The gameplay of Injustice’s fighting formula was already in top-form, I mean hell, you can still spot the original being grouped with the top ranks of EVO’s premier lineup since its initial release—against those odds however, the polish and refinement at work here has elevated Injustice 2 into an entirely different tier of quality.

The physics, hit detection, and pacing have all been upgraded with a sense of precision that wasn’t there before, allowing for bouts to get more technical, with layers upon layers of analytical tactics to explore. Juggling foes into the air with special moves, and combos can be as deep as a player would want them to be with the various meter-crush super moves, and environmental hazards to exploit; alongside the biggest and greatest addition to the core gameplay—equipabale gear.

Taking a nod from loot-crazy shooters like Overwatch, and Borderlands, Injustice gives you several opportunities to earn rewards in the form of character-specific armor pieces that you can attach to them in order to get in on an assortment of benefits. Using the same attention to detail, each item hearkens to some form of lore, or easter egg to that character both aesthetically, and functionally, containing boosts for either attack, defense, or ability stats for the wearer—and sometimes entire new abilities or upgrades to existing special attacks. There are ranks for each armor piece, and the higher the rank, the rarer the gear—especially if it’s part of a larger set that encompasses all of the armor options.  Imagine being able to fashion an outfit for Superman that gives him an extra ground pound ability, automatic stage-transition ability when linking a power attack input at the end of a combo, and an attack bonus against all lantern based foes; you can do that, and more.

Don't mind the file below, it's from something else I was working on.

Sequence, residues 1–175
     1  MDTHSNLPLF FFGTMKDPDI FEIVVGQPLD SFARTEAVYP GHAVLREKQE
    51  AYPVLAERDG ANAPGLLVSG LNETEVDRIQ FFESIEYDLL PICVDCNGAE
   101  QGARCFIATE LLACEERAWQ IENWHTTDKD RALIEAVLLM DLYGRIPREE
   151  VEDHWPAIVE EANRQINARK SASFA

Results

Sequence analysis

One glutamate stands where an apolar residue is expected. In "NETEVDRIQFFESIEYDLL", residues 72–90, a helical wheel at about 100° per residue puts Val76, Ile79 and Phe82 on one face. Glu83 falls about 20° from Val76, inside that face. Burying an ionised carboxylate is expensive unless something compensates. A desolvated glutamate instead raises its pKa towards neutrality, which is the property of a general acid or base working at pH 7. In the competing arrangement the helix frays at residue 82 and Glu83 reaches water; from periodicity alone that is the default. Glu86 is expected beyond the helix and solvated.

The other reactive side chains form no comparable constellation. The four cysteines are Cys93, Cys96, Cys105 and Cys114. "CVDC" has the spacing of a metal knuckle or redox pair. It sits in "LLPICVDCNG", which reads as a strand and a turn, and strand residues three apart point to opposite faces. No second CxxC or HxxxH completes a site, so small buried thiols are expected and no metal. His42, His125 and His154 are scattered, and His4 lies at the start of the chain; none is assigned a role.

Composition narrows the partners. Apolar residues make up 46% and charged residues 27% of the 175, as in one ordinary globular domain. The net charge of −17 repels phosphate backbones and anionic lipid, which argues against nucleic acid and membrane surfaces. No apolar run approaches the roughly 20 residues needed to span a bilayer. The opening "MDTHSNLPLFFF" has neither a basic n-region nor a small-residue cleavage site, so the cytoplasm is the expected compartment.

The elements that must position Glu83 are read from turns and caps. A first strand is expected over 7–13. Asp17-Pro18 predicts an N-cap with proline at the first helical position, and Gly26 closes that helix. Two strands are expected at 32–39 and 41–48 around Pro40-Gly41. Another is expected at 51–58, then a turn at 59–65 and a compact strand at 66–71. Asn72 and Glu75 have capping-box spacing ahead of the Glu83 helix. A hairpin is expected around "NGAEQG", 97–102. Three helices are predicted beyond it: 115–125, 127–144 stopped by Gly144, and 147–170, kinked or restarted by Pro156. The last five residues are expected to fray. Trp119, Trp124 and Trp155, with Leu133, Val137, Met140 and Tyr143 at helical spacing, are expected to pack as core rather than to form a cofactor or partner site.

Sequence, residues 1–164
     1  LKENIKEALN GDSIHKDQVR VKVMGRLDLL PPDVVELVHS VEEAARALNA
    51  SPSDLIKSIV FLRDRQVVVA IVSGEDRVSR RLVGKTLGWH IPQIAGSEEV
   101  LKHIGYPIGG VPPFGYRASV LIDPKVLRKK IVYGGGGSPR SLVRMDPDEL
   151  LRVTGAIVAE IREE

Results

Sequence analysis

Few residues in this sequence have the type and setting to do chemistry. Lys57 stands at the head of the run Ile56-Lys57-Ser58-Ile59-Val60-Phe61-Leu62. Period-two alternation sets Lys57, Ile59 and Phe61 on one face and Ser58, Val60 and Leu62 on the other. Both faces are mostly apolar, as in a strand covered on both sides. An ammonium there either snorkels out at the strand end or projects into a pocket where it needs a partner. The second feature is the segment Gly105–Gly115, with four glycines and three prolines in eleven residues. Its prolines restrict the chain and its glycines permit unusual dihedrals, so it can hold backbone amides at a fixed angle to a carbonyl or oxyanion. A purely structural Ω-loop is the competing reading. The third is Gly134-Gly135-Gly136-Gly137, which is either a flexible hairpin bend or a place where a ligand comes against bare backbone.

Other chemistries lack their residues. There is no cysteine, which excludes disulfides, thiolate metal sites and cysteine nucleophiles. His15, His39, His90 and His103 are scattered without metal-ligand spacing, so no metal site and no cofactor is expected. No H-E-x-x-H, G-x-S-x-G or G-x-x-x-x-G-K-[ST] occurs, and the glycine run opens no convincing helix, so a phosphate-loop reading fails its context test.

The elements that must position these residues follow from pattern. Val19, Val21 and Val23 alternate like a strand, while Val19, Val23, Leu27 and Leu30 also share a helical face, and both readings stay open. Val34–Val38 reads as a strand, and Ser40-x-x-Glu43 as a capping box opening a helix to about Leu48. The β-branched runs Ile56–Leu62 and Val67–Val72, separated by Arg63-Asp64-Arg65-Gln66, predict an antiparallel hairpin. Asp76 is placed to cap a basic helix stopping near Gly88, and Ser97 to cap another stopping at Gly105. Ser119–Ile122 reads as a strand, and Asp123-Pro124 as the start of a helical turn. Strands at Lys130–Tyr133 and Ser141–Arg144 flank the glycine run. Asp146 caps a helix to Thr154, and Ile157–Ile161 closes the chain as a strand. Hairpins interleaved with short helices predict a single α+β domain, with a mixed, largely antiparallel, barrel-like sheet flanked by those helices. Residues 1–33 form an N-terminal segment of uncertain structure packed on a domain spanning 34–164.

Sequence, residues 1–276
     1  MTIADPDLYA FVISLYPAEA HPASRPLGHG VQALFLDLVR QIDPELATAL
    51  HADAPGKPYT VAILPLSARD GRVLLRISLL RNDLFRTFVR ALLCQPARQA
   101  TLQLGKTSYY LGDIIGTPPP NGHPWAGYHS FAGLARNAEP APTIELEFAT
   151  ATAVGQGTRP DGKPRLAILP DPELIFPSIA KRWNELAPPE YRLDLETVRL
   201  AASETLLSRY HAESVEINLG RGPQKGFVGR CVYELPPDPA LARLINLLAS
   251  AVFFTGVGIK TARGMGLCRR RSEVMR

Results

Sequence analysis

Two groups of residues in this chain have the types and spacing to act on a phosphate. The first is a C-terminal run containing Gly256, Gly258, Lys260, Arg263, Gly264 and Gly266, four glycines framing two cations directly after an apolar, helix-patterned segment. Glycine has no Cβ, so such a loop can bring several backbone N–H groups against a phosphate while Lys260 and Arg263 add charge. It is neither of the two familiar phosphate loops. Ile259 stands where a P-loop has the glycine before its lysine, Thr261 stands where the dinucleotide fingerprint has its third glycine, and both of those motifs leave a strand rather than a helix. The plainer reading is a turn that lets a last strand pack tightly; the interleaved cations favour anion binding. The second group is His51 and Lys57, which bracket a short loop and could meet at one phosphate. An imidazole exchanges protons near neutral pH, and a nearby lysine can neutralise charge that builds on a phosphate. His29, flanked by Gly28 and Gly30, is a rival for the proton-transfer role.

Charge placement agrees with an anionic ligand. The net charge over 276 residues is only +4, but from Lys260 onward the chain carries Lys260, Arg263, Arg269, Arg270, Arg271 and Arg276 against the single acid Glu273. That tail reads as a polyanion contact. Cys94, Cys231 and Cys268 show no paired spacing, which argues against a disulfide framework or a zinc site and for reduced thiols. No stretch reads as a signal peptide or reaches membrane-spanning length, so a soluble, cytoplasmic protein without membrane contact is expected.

The gear option offers what seems like a near limitless palate of options for equipment in Injustice 2. There’s so much content to sink your teeth into here, and grinding through the loot game hardly ever becomes tedious with the variety that’s available in this installment. Players are even able to scale weaker pieces of armor up to higher level with the use of Regen tokens, giving the opportunity for every piece of armor to mean something, no matter how common or weak they may initially appear to be.

Last year I criticized SFV for the gross mishandling of its content, because for as sharp as the fighting system in it was, it wasn’t able to go very far with the lack of modes of incentive, at least its initial launch—Injustice 2 is the exact opposite in that regard.

This comic book hero fighting sequel has some of the longest legs ever seen for a title of its kind, and it'll keep you pummeling through all the capes and rogues it offers for months, maybe even years on end.

Even though the DC brand is one of the most polarizing brands in comics today, Injustice 2 stands as one of the best fighting games ever made, and should be played by everyone, because it’s just that damn good. Be sure to pick up the season pass, or ultimate edition too, because it’s one of the rare instances where the extra content makes the difference out of the mileage you can get out of what’s already a jam-packed title.